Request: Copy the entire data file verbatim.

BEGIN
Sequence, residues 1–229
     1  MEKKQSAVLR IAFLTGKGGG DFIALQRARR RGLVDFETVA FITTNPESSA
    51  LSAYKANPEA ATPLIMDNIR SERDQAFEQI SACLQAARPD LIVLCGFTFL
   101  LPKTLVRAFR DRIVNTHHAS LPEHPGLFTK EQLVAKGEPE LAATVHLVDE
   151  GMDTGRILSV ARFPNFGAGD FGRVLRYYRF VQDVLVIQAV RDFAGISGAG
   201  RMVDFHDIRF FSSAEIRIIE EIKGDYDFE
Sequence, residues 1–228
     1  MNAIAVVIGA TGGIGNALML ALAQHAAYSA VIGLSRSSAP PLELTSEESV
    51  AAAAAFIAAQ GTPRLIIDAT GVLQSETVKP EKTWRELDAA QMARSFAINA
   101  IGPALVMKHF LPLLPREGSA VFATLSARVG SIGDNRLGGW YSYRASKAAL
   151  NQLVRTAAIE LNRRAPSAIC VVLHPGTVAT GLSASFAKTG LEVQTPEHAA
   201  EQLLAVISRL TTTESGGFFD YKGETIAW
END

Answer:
Sequence, residues 1–229
     1  MEKKQSAVLR IAFLTGKGGG DFIALQRARR RGLVDFETVA FITTNPESSA
    51  LSAYKANPEA ATPLIMDNIR SERDQAFEQI SACLQAARPD LIVLCGFTFL
   101  LPKTLVRAFR DRIVNTHHAS LPEHPGLFTK EQLVAKGEPE LAATVHLVDE
   151  GMDTGRILSV ARFPNFGAGD FGRVLRYYRF VQDVLVIQAV RDFAGISGAG
   201  RMVDFHDIRF FSSAEIRIIE EIKGDYDFE
Sequence, residues 1–228
     1  MNAIAVVIGA TGGIGNALML ALAQHAAYSA VIGLSRSSAP PLELTSEESV
    51  AAAAAFIAAQ GTPRLIIDAT GVLQSETVKP EKTWRELDAA QMARSFAINA
   101  IGPALVMKHF LPLLPREGSA VFATLSARVG SIGDNRLGGW YSYRASKAAL
   151  NQLVRTAAIE LNRRAPSAIC VVLHPGTVAT GLSASFAKTG LEVQTPEHAA
   201  EQLLAVISRL TTTESGGFFD YKGETIAW